When people find out the Princess is a dancer, they generally ask if I danced growing up. I didn’t dance. I did swimming, gymnastics, cheerleading, and music. I think I remember taking a tiny tots ballet class for a hot minute when I was about three. But I wasn’t a dancer. I put the Princess in dance because I desperately needed to balance all the boy going on in the house. She started with that Saturday morning ballet/tap/tumbling class. She was three. I didn’t know how long it would last. But after every recital and subsequent summer break, she answered in the affirmative to going back to class.
In those early years, the parents sat outside, literally. We could see the kids, but we were on the other side of the door. It was better that way, easier for the teacher and TA to corral the little
heathens ballerinas. And it was mostly for fun, so there wasn’t pressure to have pointed toes, straight legs, perfect hands/arms.
When she decided to quit soccer and focus on dance, we both got a bit more serious. She would look to me for correction sometimes, or to be sure I thought she was doing something right. But after about a year of that, I decided I needed to go back outside the glass again. I’m her mom, not her instructor or director. And I didn’t dance, especially at the level she’s achieved. These days, even if I stay during class time, I don’t watch. I definitely don’t correct her at all. That’s not my job. That’s what I pay her teachers to do. They know what they’re doing. I’m just the mom, part of the audience. I am the enabler…I drive her to and from. I pay for her classes, private lessons, recitals, shows, and costumes. I bake for the bake sales. I make and sell dance grams at recitals. But for the rest, this is her gig. During class, she is theirs to correct, instruct, encourage, help develop.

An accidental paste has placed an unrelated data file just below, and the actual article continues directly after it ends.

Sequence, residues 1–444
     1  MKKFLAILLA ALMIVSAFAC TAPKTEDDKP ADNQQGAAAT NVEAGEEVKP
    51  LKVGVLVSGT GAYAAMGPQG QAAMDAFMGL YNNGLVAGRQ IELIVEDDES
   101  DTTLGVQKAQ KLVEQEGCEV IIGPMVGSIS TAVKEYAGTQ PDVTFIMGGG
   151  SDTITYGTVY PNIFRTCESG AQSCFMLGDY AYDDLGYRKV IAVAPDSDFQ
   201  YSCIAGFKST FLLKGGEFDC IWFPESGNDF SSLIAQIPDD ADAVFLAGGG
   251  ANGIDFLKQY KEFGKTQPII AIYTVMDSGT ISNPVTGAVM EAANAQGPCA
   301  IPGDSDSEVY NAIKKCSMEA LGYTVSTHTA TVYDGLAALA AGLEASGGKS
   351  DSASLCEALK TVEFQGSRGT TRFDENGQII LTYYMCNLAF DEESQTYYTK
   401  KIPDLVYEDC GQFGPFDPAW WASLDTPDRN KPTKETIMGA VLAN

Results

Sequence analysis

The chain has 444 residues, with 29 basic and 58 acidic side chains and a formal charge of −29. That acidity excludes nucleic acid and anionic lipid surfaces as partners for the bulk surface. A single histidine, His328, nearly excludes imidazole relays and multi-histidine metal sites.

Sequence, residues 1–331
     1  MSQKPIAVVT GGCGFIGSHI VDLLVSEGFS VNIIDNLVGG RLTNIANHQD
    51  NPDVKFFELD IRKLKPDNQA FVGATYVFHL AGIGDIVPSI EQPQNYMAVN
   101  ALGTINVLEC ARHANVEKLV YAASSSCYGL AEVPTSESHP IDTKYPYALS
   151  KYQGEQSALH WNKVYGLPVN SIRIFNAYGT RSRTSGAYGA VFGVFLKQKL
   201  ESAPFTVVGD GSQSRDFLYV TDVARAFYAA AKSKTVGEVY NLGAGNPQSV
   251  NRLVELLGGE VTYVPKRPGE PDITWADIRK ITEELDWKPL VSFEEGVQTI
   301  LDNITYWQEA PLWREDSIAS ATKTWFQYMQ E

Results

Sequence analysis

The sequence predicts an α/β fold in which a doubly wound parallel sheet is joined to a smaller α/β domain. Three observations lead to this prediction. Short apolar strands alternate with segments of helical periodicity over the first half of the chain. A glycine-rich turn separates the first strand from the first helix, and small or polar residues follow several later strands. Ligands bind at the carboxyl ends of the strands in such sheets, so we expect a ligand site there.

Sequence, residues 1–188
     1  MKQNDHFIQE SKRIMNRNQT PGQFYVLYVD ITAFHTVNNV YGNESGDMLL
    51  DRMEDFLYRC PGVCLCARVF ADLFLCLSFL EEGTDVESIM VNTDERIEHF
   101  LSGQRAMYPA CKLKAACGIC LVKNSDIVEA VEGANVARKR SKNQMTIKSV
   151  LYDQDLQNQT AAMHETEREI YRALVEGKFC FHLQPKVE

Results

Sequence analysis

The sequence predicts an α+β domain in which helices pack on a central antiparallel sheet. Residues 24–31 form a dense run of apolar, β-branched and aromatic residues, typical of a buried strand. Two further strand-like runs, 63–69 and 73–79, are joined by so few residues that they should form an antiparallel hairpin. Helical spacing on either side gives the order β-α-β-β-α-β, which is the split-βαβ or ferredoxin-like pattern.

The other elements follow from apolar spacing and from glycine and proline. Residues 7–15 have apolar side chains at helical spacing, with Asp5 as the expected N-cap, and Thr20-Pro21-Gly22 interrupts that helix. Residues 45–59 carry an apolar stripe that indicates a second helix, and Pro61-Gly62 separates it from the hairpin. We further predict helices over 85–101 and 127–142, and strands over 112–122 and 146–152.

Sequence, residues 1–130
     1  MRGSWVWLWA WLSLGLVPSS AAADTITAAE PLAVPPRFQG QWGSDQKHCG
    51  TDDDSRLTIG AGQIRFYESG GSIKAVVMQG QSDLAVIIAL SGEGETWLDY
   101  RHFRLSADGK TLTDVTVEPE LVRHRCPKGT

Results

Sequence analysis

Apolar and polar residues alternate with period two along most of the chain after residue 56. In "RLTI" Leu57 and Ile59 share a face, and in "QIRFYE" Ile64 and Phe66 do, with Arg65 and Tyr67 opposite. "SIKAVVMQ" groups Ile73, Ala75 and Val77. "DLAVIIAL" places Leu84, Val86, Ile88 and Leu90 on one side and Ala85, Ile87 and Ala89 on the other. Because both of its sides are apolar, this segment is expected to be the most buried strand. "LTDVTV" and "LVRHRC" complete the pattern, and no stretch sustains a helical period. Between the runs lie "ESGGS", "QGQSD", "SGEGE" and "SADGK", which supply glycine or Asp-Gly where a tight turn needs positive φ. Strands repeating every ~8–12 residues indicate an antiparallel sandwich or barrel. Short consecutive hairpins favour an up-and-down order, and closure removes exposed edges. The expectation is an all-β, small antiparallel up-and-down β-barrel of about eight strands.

Nowadays, if and when I watch, it is as a proud momma. I love to see her dance. But I try not to even look to see if her feet are pointed, her arms are right, her legs are straight, if she’s falling out of her turns, and I definitely don’t talk about any of those things with her, especially during class. That’s not my place. That’s not my job. My job is to love her, to encourage her, to support her, to help her achieve her goals and dreams. I can’t tell you how many times, when I do look up and watch, I am nearly moved to tears. I could only wish to be able to do what she does, and do it so beautifully. She doesn’t need me to pretend I know what I’m talking about, tell her how to fix things. She needs me to love her. And that’s totally easy.
Edited to add: Trust me when I say, I am not perfect with this. There are days I’m watching through the glass and find myself mouthing at her, “Point your feet!” It’s a work in progress. But I just remind myself, she has teachers. I just need to be her mom.